When it Comes to WFH, Researchers Say There’s a Growing Divide Between Big and Small Cities
To work remotely or not work remotely, that is the question – unless you happen to live in smaller cities outside the coastal, Lululemon-wearing urban beltway. According to a team of economist researchers at Stanford and other institutions, workers in…
To work remotely or not work remotely, that is the question – unless you happen to live in smaller cities outside the coastal, Lululemon-wearing urban beltway.
According to a team of economist researchers at Stanford and other institutions, workers in pint-sized cities are much less likely to receive work-from-home flexibility than their big city counterparts. At least they can commiserate at the water cooler.
Office Space: The Final Frontier
More than a year into the post-vaccine endemic, remote work remains remarkably popular. When given the option, 87% of employees choose to work from the cozy confines of their home office/sofa/bed, a recent McKinsey survey found. And Gen Z workers, in particular, prefer the option. According to a recent ADP Research Institute report, over 70% of workers between the ages of 18 and 24 say they would consider looking for another job if their employer insisted on a full-time return to the cubicle.
Alas, all is not equal. The bigger the city, the less likely employees will have to step foot outside their correspondingly smaller and smaller apartments:
- In cities with populations under 300,000 — think St. Louis, Reno, Fort Wayne, and Lincoln, Nebraska — the share of fully remote days has fallen to 27% this past spring from 42% in October 2020, the Stanford and Co. researchers found. In the 10 largest US cities, however, the dip has been from 50% to just 38%.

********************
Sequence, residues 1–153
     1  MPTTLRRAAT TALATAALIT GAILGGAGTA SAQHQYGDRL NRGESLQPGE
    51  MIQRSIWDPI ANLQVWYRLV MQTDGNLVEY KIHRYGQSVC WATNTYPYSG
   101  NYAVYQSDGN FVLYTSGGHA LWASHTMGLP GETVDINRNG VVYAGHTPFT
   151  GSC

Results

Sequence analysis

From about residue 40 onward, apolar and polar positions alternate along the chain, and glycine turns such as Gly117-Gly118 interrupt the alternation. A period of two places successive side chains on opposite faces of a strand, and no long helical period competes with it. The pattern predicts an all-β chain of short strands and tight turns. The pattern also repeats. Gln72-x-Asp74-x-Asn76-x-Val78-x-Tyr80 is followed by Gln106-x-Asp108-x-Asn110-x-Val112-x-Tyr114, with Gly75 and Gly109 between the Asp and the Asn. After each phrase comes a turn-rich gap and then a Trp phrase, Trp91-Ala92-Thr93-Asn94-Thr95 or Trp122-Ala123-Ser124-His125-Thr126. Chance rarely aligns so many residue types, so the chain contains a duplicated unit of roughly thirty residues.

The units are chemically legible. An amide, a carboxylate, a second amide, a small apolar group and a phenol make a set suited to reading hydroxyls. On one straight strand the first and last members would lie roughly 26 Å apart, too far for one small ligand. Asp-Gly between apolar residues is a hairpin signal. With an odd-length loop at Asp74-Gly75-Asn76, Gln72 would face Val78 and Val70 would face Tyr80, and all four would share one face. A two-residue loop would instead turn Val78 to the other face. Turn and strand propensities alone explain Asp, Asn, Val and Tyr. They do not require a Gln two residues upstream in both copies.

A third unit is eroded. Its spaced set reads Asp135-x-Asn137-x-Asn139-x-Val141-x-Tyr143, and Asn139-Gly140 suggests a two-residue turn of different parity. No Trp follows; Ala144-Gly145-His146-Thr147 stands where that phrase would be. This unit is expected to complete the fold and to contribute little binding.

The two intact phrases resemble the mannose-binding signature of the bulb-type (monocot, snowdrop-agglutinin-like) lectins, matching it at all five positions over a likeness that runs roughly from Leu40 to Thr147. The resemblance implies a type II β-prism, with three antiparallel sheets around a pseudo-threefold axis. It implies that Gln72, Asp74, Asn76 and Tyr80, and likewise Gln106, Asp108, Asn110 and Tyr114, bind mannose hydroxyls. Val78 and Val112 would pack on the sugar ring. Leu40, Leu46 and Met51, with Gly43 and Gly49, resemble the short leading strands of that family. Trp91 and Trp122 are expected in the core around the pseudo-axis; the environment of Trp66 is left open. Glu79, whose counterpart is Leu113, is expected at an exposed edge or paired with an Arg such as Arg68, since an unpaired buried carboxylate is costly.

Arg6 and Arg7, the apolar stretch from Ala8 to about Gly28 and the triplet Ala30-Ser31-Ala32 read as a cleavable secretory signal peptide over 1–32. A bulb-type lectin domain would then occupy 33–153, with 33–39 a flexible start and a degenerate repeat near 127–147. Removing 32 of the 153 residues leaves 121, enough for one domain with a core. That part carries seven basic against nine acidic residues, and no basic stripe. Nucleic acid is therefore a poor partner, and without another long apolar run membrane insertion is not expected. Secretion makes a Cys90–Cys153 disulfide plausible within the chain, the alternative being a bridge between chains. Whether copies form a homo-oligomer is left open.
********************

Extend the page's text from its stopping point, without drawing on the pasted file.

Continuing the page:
- In San Francisco, more than a quarter of job postings advertise remote work, while in New York City 19% do, according to researchers from Harvard Business School. Meanwhile, just 13% of Columbus job listings permit remote work, and around 10% in Birmingham, Alabama.
Pay to Stay: Nearly 20% of employees say the ability to work remotely two to three days a week has the same value as a 5 to 10% raise, and another 10% say it’s the equivalent of a 15 to 25% raise, according to a presentation from University of Chicago economist Steven J. Davis last month at the Annual World Bank Conference on Development Economics.
Realty Check: One industry that probably won’t be handing out either pay raises or extra work from home days to employees is commercial real estate, which has been body-slammed by the remote trend as well as rising interest rates. A recent SSRN study projects US office real estate value could plummet 28% long-term — or a value of nearly $500 billion. Whether they’re working remotely or not, property managers could surely use a round of post-work happy hour drinks.